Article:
The Big Paper classroom activity gets students writing and responding to primary source documents from important moments in history. Having a written conversation with peers slows down students' thinking process and gives them an opportunity to focus on the views of others. Try using prompts like quotes from different presidents or newspaper articles that cover stances taken by political leaders.
When we study presidents and government around the world, it’s helpful to plan a conversation about voting. Who has the right to vote? Why do we vote? This video "One Person, One Vote: Why Should We Care?" featuring featuring anti-apartheid leader and former South African Constitutional Court Justice Albie Sachs is a great way to introduce the subject to students.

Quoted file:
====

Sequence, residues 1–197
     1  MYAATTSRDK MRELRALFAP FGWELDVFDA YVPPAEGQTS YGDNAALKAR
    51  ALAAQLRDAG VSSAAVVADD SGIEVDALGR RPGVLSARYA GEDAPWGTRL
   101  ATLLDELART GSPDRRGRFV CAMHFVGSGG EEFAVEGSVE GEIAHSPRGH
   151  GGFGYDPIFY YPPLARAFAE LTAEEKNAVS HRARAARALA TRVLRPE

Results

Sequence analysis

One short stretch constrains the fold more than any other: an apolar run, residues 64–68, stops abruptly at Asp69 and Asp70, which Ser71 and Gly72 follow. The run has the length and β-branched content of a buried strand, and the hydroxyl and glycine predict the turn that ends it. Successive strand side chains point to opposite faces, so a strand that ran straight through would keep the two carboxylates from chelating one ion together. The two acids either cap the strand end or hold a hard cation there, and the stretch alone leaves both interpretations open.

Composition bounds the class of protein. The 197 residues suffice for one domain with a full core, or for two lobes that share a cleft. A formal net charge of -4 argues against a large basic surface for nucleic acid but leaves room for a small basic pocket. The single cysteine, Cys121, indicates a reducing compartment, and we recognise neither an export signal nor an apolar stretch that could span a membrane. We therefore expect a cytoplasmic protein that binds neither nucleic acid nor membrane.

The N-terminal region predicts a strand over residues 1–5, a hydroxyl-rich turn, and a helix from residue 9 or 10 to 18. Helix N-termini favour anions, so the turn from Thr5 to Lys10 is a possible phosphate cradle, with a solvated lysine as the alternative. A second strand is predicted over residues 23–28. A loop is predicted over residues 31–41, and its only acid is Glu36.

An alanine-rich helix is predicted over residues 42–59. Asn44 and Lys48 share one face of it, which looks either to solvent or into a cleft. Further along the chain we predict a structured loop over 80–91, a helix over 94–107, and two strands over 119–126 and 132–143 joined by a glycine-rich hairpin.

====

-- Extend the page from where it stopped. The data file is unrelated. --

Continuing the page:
In Religious Freedom & Democracy: Teaching George Washington’s Letter to the Hebrew Congregation of Newport, Rhode Island,you’ll find free lesson plans crafted for middle and high school humanities teachers that examine the nature of citizenship, religious freedom, and equality in a democracy.
Register today for an upcoming Facing History professional development opportunity. Through our guides and teaching methods, students are introduced to leaders throughout history who have shown courage and compassion in the face of injustice, and see that their own daily choices can have major impacts and perhaps even be a critical link to a safer future.